Investment Banking: When Companies Aggressively Report Revenue
It would seem pretty straightforward to identify when a sale has been made. In the investment banking world, however, things aren't as simple as having a yard sale. What if someone comes to your yard sale and promises to pay you tomorrow for your items? What if you send your items to someone who says he'll try to sell them for you? Have the items truly been sold?
To understand how companies cook the books, you need to understand why they do it in the first place. And there are few better examples of why cheating is so tempting than with the career of Al Dunlap, a CEO who garnered a reputation as a successful, yet ruthless turnaround specialist.
Dunlap earned the colorful nickname Chainsaw Al while at Scott Paper by firing thousands of employees, closing plants, and cutting costs to the bone. After downsizing Scott Paper and making it more attractive to suitors, he engineered the 1995 sale of the firm to Kimberly-Clark and personally parachuted off with a lucrative cash payout of over $100 million.
Sunbeam — maker of grills, blenders, bread makers, coffee makers, microwave ovens, and many other consumer products — hired Dunlap shortly after he left Scott Paper, and it appeared that his methods were very successful in turning Sunbeam around.
Shortly after Dunlap assumed control, Sunbeam went on a buying spree, acquiring several well-known brands; the stock price soared. In 1996, when he took the company over, it had reported negative net income and in 1997 it reported large positive net income — an impressive turn of events. Dunlap's reputation was burnished, and he was lauded as a hero. Or was he?
A careful examination of the numbers reveals that while revenue increased by a robust 19 percent in 1997, inventories and accounts receivable both increased at a much higher rate — 59 percent for inventories and 38 percent for accounts receivable. This situation is certainly not ideal, and it would raise red flags for any forensic accountant worth her salt.
Mounting inventories meant warehouses were filling up with unsold goods. Rising accounts receivables meant the company was accumulating IOUs from customers. Ideally, both receivables and inventory would grow no more than the increase in revenues. Not seeing those things move in lockstep raised suspicions of mismanagement, accounting games, or outright fraud. In Sunbeam's case, it was allegedly a little bit of all three.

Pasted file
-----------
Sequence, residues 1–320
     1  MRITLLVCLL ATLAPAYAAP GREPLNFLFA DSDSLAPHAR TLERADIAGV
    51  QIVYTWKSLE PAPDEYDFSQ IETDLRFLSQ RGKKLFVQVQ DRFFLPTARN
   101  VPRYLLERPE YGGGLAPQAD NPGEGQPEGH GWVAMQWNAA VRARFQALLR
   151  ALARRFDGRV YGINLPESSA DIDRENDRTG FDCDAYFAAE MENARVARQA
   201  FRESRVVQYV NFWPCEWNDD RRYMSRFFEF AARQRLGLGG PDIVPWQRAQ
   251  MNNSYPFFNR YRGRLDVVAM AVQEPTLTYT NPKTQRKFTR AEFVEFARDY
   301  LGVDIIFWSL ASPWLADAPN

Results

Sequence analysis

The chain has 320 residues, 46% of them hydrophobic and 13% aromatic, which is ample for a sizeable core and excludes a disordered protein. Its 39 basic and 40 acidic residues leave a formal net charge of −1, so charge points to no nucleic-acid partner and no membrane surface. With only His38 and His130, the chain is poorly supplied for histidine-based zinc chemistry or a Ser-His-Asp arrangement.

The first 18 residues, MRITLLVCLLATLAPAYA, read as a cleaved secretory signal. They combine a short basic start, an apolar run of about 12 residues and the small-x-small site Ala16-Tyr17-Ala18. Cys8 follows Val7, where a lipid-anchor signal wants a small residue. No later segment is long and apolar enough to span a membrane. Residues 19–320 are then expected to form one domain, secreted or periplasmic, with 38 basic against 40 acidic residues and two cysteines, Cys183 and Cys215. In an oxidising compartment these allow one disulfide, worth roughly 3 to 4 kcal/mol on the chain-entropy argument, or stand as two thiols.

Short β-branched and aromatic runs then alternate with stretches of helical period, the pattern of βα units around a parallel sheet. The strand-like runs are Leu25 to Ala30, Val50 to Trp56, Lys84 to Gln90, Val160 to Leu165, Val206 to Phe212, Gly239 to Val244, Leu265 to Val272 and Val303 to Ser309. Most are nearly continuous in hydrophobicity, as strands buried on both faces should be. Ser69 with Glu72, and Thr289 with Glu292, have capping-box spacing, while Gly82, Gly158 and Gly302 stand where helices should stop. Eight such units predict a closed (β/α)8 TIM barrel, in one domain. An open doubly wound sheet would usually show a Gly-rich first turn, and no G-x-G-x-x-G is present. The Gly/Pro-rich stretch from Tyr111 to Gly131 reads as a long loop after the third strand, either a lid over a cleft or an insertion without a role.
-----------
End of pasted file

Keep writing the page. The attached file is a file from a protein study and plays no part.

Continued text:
What was going on at Sunbeam reveals the key to why companies cheat with their numbers in the first place: The company was recognizing sales on products at the time of simply shipping an invoice — but not the product — to customers (the retailers) in a practice known as bill and hold.
As an example, Sunbeam was invoicing hardware stores for outdoor gas grills in the fourth quarter of the year, and holding that inventory in Sunbeam's warehouses, knowing full well that the grills weren't even going to be shipped to the retailers and put out for sale until the spring.
Yet, Sunbeam was counting those grills as sold when they were sitting in their own warehouses! In fact, Sunbeam was offering incentives for retailers to agree to this practice — a practice that is pejoratively referred to as channel stuffing.
Typically, businesses produce inventories, sell them to firms on credit, and finally collect on that account receivable by getting the cash. If a firm is growing, all those accounting line items should be growing by approximately the same rate. If inventories and accounts receivable are growing faster than revenue, then either customers are paying awfully slowly or inventory is piling up — both developments that signal problems.
Sunbeam overstated revenue by aggressively booking sales. Reported net income did increase in 1997, but cash flow was decidedly negative — the grills were sitting in Sunbeam's warehouse and not generating cash. An examination of Sunbeam's statement of cash flow revealed that Sunbeam had positive net income in 1997, yet actually had negative cash flow.
This was exactly the opposite situation as occurred in 1996, when the firm had negative net income but positive cash flow. This turn of events was alarming. As any businessman knows, you can't pay bills with inventory — you can only pay bills with cash.
Dunlap was fired in 1998, and the Securities and Exchange Commission (SEC) investigated and determined that, for 1997, at least $60 million of Sunbeam's reported $189 million in earnings from continuing operations before income taxes came from accounting fraud.
The SEC issued a consent judgment against Dunlap, and he was permanently barred from serving as an officer or director of a public company. Sunbeam declared bankruptcy in 2001 and emerged from bankruptcy in 2002 as American Household, Inc., a privately held company. In 2009, Condé Nast Portfolio named Dunlap the sixth worst CEO of all time. Just imagine: There are five CEOs worse than he was!
If the company is doing an adequate job of collecting from customers, receivables should grow no faster than revenues. In fact, ideally the growth rate in receivables would be less than revenue growth as companies improve their collection cycle.